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What are the Different Types of Seizures?

By Deborah Walker
Updated Mar 03, 2024
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Generalized, partial, and psychogenic non-epileptic are the three broad types of seizures. Generalized and partial seizures are differentiated by the location of the abnormal brain activity, or lack thereof, and the person's awareness during the seizure. During a generalized seizure, which includes the grand mal, petit mal and other subtypes, both sides of the brain send out a cascade of abnormal electrical impulses and the individual loses consciousness. Partial seizures occur when abnormal activity is localized to one area of the brain and care classified as either simple or complex. Psychogenic non-epileptic seizures (PNES) are psychological in nature and may be brought on by stress.

A grand mal, or tonic-clonic, is one of the most dramatic types of seizures. During this type of generalized seizure, a person loses consciousness and collapses. In the tonic part of the seizure, the body becomes stiff and remains so for 30-60 seconds. This may be followed by the clonic part of the seizure where stiffness is replaced by uncontrollable jerking. The incident may last one to five minutes.

While unconscious, there may be loss of bowel or bladder control, jaw clenching, or difficulty breathing. Sometimes the skin turns blue. Extreme fatigue almost always follows a grand mal seizure.

Petit mal seizures are also know as absence seizures and can easily be mistaken for inattentiveness. In a generalized petit mal seizure, the individual abruptly stops activity and blankly stares for several seconds. When the seizure is over, he resumes what he was doing and may not even realize that a seizure occurred. Petit mal seizures may occur at random throughout the day or night.

Other generalized types of seizures include myoclonic, clonic, tonic, and atonic. Myoclonic seizures cause unconsciousness and sudden, sporadic jerking on one side of the body. When both sides of the body are involved, it is a clonic seizure. During a tonic seizure, there is loss of consciousness and the body becomes very rigid. An atonic seizure causes a loss of consciousness and muscle tone.

While experiencing a simple partial seizure, the person remains awake and aware of his surroundings, but cannot control his body. Simple partial seizures may cause motor, autonomic, sensory, or psychological symptoms. Movements such as jerking, rigidness, muscle spasms, or uncontrollable head turning often occur during a simple motor seizure. Autonomic seizures impact the functions of the body out of a person's conscious control. Symptoms may include a racing heart, loss of bladder control, upset stomach, or diarrhea.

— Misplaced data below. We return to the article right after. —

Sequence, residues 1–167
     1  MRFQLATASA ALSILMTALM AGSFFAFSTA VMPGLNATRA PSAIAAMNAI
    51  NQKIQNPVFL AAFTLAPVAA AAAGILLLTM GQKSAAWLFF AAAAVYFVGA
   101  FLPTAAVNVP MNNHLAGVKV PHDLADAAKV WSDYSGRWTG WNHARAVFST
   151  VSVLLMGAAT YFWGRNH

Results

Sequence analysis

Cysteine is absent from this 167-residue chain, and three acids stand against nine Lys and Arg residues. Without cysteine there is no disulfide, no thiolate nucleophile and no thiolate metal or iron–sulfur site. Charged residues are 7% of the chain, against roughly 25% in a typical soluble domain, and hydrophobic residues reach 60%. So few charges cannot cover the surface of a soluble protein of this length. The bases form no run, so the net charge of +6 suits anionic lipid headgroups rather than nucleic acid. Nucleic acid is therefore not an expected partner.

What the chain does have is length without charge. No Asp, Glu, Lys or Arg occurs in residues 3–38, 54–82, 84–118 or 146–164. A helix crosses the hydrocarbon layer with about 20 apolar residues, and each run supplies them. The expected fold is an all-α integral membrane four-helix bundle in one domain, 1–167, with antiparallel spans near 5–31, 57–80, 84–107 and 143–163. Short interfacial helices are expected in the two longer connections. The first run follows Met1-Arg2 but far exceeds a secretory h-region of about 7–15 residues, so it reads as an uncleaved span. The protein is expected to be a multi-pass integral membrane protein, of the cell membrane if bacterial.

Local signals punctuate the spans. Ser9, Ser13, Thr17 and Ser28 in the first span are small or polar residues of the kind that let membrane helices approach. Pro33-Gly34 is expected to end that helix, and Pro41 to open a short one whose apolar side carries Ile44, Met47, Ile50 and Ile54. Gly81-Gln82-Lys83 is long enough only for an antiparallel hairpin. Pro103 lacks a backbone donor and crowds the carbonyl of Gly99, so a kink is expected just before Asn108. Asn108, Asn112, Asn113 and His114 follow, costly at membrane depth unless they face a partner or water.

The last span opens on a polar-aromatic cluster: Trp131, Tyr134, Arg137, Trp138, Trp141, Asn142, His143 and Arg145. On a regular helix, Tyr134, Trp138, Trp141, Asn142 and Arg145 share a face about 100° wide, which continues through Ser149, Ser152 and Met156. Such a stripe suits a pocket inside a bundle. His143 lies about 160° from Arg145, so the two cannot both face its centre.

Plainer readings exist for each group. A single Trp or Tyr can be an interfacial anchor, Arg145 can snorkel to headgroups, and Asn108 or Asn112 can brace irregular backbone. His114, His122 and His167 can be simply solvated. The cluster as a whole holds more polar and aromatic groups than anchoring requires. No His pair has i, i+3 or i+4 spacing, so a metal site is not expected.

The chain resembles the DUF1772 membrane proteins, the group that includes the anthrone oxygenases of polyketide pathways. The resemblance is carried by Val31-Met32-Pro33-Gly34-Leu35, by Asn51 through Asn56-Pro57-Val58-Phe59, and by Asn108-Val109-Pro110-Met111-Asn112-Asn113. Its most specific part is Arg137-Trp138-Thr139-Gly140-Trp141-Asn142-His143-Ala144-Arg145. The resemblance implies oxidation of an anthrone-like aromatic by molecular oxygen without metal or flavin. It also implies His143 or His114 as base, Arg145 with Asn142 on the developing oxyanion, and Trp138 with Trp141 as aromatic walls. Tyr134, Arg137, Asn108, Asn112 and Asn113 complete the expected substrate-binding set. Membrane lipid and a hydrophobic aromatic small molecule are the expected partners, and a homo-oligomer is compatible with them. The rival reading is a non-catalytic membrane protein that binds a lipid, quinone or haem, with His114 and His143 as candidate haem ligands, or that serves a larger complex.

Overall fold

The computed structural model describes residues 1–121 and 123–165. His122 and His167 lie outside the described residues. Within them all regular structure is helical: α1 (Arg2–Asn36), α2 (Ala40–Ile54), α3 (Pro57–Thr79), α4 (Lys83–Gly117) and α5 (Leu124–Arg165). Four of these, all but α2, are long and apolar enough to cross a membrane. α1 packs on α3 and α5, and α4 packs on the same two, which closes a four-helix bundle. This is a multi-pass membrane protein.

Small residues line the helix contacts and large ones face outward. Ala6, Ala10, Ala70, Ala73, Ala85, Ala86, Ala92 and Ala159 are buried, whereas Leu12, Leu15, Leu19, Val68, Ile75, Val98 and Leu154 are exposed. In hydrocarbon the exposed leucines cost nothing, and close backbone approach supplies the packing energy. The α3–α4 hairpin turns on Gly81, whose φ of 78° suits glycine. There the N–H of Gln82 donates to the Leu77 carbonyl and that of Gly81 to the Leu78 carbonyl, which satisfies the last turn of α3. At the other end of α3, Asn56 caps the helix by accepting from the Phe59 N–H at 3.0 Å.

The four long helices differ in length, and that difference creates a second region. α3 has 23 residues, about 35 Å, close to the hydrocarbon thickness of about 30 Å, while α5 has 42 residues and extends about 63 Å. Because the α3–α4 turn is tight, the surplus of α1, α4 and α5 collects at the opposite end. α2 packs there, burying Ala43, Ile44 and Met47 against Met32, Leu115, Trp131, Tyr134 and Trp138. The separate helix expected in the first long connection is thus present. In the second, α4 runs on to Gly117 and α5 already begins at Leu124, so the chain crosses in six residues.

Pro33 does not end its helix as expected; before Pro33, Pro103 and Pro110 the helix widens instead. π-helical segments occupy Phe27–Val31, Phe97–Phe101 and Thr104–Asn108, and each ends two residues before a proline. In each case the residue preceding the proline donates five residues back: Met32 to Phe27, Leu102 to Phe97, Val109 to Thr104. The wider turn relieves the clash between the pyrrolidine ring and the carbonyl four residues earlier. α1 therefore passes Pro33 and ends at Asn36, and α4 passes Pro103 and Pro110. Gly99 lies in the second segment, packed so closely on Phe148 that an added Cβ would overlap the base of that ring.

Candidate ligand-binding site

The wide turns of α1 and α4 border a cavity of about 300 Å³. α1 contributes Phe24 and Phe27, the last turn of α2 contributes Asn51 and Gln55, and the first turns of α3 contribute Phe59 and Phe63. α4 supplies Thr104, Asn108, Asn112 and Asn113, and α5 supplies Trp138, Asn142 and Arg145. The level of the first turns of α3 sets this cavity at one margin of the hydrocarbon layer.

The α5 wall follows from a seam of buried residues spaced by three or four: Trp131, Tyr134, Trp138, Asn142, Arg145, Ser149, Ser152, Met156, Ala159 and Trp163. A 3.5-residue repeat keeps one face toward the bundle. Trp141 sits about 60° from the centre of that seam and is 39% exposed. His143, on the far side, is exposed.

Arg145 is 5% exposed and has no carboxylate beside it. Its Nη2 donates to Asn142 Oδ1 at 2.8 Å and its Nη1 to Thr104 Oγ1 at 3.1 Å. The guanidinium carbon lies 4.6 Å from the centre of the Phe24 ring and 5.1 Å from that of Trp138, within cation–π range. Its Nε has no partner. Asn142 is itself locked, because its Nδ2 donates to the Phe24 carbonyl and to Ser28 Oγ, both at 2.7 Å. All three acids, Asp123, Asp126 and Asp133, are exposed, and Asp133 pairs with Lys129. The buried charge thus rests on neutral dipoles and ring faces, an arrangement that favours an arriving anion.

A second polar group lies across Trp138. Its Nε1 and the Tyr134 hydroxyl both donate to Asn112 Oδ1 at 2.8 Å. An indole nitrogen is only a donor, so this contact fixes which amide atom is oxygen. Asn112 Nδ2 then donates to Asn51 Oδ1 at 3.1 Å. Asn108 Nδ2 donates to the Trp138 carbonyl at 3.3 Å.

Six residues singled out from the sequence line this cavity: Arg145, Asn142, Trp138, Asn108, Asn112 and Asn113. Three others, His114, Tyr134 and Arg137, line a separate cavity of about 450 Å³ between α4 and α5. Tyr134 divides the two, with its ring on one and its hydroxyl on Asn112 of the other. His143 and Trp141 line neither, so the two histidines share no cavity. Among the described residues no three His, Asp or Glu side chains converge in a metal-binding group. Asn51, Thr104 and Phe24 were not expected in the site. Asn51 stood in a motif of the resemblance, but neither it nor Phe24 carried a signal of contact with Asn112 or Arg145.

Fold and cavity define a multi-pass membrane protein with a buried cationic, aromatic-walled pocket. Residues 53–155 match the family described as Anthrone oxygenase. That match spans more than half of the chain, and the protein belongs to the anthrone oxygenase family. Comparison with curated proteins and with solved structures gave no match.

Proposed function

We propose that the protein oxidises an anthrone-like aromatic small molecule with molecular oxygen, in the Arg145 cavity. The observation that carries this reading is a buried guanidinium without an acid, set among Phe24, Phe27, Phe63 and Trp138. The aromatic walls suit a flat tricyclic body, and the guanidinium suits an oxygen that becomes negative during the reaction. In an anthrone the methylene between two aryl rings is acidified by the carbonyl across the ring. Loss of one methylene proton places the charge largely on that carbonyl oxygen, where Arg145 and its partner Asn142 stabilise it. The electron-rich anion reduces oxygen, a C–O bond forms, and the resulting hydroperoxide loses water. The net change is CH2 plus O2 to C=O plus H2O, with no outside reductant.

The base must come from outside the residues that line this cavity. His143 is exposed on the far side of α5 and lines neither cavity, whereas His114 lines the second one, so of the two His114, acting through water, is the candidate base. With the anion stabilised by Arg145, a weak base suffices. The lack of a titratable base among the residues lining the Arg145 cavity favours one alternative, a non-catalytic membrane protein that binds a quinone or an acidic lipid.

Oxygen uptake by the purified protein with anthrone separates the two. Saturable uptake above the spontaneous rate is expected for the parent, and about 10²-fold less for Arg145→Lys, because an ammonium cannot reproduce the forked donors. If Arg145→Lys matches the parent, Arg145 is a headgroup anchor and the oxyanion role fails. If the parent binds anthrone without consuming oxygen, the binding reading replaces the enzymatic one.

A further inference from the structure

If one or more of the senses are affected, the person is having a simple partial sensory seizure. He may have particularly acute hearing or an altered sense of smell or sight. During the simple psychological seizure, memory or emotional disturbances may occur. The individual may experience a strong sense of deja vu or may suddenly be overcome by strong emotions.

A complex partial seizure impairs awareness and causes involuntary but coordinated movements. The movements may include fidgeting, chewing, or lip smacking. Sometimes what begins as a partial seizure evolves into a generalized seizure.

Psychogenic non-epileptic seizures appear similar to epileptic types of seizures, but are not caused by abnormal brain activity. PNES can be brought on by stress or other triggers. This type of seizure is usually seen in young women who may also have major depression or an anxiety disorder. Those with this type of seizure are not "faking it" to get attention. With treatment, many people can gain some measure of control over the different types of seizures and lead a normal life.

The Health Board is dedicated to providing accurate and trustworthy information. We carefully select reputable sources and employ a rigorous fact-checking process to maintain the highest standards. To learn more about our commitment to accuracy, read our editorial process.
Discussion Comments
By anon1006181 — On Feb 10, 2022

I have seizures. I have lost jobs, been hurt, and been hospitalized many times. Nobody can tell me why I have them. I take 1000 mg of Keppra a day, plus meds for my kidneys. I have worked all my life and all the jobs I've had, I can't do anymore. Can anyone give me employment ideas?

By anon932360 — On Feb 12, 2014

My wife has told me that Ive had seizures while I'm driving. She says that I start 'chewing'. She says that she would start smacking my thigh and calling out to me with no response from me, and all this while I'm driving, stopping when lights are red, going when green, etc.

By anon221298 — On Oct 11, 2011

My daughter has between 10 and 15 absences between breakfast and going to school, and from when she gets home to before she goes to bed most nights. She apologizes straight away afterward, or gets scared because she doesn't know where she is.

By anon221295 — On Oct 11, 2011

My daughter has undiagnosed petit mals. We are still awaiting the hospital to refer her. She has walked into the road twice and almost been hit by a car both times. She has them worse when she seems stressed but has them also when she is not stressed. Help. Any advice?

By anon134708 — On Dec 15, 2010

My daughter is being tested for petit mal. She had an attack today and went rigid in my arms, then screamed out for me in a panic!

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